Saturday, August 29, 2015

My Literary Hero: Satchel Paige

"I never threw an illegal pitch. Trouble is, once in a while I would toss one that ain’t never been seen by this generation." 

Citibank: Cost of not acting on climate change: $44 trillion

The banking giant's bottom-line assessment of the impact of climate change can be found here.

If you don't think climate change is reality, please watch the video below. If you do think it is reality, please read this.

Thursday, August 27, 2015

The Fifth Beatle

Over the years, there have been lots of nominees for the title of "Fifth Beatle." This article lists the names most commonly mentioned. Was it producer George Martin? Manager Brian Epstein? Former bassist Stuart Sutcliffe? Studio contributors Nicky Hopkins, Eric Clapton, or Billy Preston? Business manager Neil Aspinall? Press officer Derek Taylor?

Wait a minute. What about conceptual artist, singer, and songwriter Yoko Ono? Somehow her name always slips out of this discussion.

That last nominee may draw smirks from those addicted to an ancient and inadequate narrative about whose "fault" it was that the band disintegrated, but consider. Ono is the only one who can claim to have collaborated as a peer on the composition of a Beatle album track: REVOLUTION 9. Ono also supplies lead vocals -- briefly -- on another track, HAPPINESS IS A WARM GUN. Unless I am very much mistaken, she's the only woman to have done so on an official release. (I'm not counting Phil Spector's heavenly choirs on the LET IT BE album, since superseded.) Come to think of it, I can't think of another Beatle track where a non-Beatle sings a line of lead vocal.

Ono is also mentioned by name on COME TOGETHER. Even if she hadn't been, she was obviously and prominently Lennon's soulmate, muse, and artistic partner.

Truth be told, there was no Fifth Beatle. Ono appears to me to have engaged in more actual collaboration than any of the men on the list, though.

If you are still among of those skeptical of Ono's abilities, consider listening to the track YES, I'M YOUR ANGEL.

Monday, August 24, 2015

You won't BELIEVE what Alan Greenspan called Noam Chomsky

(Via +Richard Gibney and selected wire sources:)

The bitter feud between the former head of the Federal Reserve and the noted linguistics guru reached a fever pitch yesterday when ...


For the love of God, click here for more

Saturday, August 22, 2015

Fiona Apple on Creativity

The Five Books I'm Reading (August Edition)

* LES MISERABLES -- Hugo's masterpiece, humanity's masterpiece.

* CONTEMPORARY FICTION -- brilliant collections of post-1970 short stories by American authors.

* TO THE LIGHTHOUSE -- Nicole Kidman's audio performance of Virginia Woolf's classic.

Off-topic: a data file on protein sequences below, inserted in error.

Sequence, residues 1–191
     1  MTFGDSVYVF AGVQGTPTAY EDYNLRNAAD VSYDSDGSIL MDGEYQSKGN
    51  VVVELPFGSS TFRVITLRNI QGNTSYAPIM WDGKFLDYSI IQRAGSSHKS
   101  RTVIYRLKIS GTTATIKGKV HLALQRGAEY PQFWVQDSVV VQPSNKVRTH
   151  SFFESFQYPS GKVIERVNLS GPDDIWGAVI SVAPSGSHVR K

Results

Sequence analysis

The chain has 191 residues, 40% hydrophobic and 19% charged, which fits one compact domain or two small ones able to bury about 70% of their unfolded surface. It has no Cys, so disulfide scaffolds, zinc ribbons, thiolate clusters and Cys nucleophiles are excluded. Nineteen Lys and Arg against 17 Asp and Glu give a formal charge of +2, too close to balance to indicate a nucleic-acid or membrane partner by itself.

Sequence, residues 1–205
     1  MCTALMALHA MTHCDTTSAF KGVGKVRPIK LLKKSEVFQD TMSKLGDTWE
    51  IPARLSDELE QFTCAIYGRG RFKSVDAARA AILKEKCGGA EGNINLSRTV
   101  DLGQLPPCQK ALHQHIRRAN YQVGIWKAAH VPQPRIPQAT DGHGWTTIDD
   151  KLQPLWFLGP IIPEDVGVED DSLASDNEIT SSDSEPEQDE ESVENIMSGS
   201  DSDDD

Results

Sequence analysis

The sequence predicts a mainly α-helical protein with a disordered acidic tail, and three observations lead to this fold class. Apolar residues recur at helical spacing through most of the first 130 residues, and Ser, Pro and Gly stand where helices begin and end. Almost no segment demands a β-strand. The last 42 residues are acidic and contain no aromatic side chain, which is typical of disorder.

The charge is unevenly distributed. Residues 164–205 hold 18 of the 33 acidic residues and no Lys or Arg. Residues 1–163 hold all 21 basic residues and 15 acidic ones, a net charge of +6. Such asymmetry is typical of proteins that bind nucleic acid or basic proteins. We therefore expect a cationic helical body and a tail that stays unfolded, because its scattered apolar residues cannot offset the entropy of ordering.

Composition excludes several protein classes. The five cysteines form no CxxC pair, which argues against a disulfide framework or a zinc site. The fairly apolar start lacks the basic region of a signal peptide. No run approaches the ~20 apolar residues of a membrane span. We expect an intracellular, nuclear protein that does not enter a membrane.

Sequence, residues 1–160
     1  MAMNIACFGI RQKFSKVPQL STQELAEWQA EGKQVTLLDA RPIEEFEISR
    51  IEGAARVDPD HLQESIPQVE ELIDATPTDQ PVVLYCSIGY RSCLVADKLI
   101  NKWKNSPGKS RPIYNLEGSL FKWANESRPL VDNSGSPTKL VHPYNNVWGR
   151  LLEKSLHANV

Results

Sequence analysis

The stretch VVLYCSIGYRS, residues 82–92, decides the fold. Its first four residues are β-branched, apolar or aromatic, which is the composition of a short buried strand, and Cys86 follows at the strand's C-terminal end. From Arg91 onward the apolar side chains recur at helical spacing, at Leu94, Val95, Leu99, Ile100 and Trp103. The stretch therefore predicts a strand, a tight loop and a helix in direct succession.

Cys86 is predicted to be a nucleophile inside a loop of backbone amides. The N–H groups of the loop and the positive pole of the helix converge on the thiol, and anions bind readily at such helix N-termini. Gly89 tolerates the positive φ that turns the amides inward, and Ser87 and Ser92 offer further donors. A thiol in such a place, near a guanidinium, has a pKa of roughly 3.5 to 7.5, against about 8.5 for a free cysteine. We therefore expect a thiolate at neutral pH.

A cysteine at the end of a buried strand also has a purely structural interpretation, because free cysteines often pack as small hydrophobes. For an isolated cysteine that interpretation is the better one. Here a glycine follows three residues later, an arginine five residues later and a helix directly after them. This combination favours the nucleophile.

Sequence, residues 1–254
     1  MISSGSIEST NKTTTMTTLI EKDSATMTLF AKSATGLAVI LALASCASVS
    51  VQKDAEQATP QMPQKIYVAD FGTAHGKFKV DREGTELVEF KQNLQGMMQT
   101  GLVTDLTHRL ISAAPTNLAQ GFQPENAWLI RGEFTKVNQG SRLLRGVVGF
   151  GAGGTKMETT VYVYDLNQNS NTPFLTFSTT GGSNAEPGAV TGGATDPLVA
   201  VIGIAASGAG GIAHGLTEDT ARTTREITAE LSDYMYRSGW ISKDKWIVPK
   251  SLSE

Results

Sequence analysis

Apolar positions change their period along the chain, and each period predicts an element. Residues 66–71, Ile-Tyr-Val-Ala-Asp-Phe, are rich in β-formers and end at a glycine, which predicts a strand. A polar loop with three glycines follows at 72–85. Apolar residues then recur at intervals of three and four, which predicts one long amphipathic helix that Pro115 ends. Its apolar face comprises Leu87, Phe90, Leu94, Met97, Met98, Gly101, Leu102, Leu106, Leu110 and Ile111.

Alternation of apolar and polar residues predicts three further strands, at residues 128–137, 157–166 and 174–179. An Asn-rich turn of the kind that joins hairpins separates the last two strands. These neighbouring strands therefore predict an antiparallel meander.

* A DISTANT MIRROR -- Barbara Tuchman's authoritative history of the dismal 14th century.

* THE HOLY QUR'AN -- Just got a one-volume version of Yusuf Ali's translation, with exhaustive commentary.

Wednesday, August 19, 2015


Helping Shakespeare-phobics since 1995
A dear friend recently told me he'd been using my SHAKESPEARE FOR BEGINNERS book to teach high school students for two decades now. I had no idea it had been that long. Life carries its little rewards.

Shakespeare's Literary Devices #4: SOLILOQUY

A soliloquy is a lengthy speech in which a character who is all alone onstage expresses his or her deepest thoughts and emotions. The soliloquy differs from the monologue in that the monologue is spoken while a character shares the stage with others.

The most famous Shakespearean soliloquy is the "To be or not to be" speech from Hamlet. Below, the late Roger Rees shares his personal experience in delivering it.

Sunday, August 9, 2015

Shakespeare's Literary Devices #3: APOSTROPHE

Not to be confused with the punctuation mark.

A writer who uses this kind of apostrophe detaches from reality and addresses an imaginary person or object as though he, she, or it were actually present..

Shortly before murdering King Duncan, Macbeth imagines he sees a dagger and speaks to it as though it were a person:

 “Is this a dagger which I see before me,
The handle toward my hand?
Come, let me clutch thee!
I have thee not, and yet I see thee still.”

Saturday, August 8, 2015

The Man Who Killed 99 People #Islam #Quran #Forgiveness

(There are many online sources referencing the miracles of the Quran ... but the biggest miracle of all is forgiveness.)

Abu Sa`id Al-Khudri (May Allah be pleased with him) reported: Prophet of Allah (sallallahu alayhi wassallam) said:

There was a man from among a nation before you who killed ninety-nine people and then made an inquiry about the most learned person on the earth. He was directed to a monk. He came to him and told him that he had killed ninety-nine people and asked him if there was any chance for his repentance to be accepted. He replied in the negative and the man killed him also, completing one hundred.

He then asked about the most learned man in the earth. He was directed to a scholar. He told him that he had killed one hundred people and asked him if there was any chance for his repentance to be accepted. He replied in the affirmative and asked, `Who stands between you and repentance? Go to such and such land; there (you will find) people devoted to prayer and worship of Allah, join them in worship, and do not come back to your land because it is an evil place.’

So he went away and hardly had he covered half the distance when death overtook him; and there was a dispute between the angels of mercy and the angels of torment. The angels of mercy pleaded, ‘This man has come with a repenting heart to Allah,’ and the angels of punishment argued, ‘He never did a virtuous deed in his life.’ Then there appeared another angel in the form of a human being and the contending angels agreed to make him arbiter between them. He said, `Measure the distance between the two lands. He will be considered belonging to the land to which he is nearer.’ They measured and found him closer to the land (land of piety) where he intended to go, and so the angels of mercy collected his soul.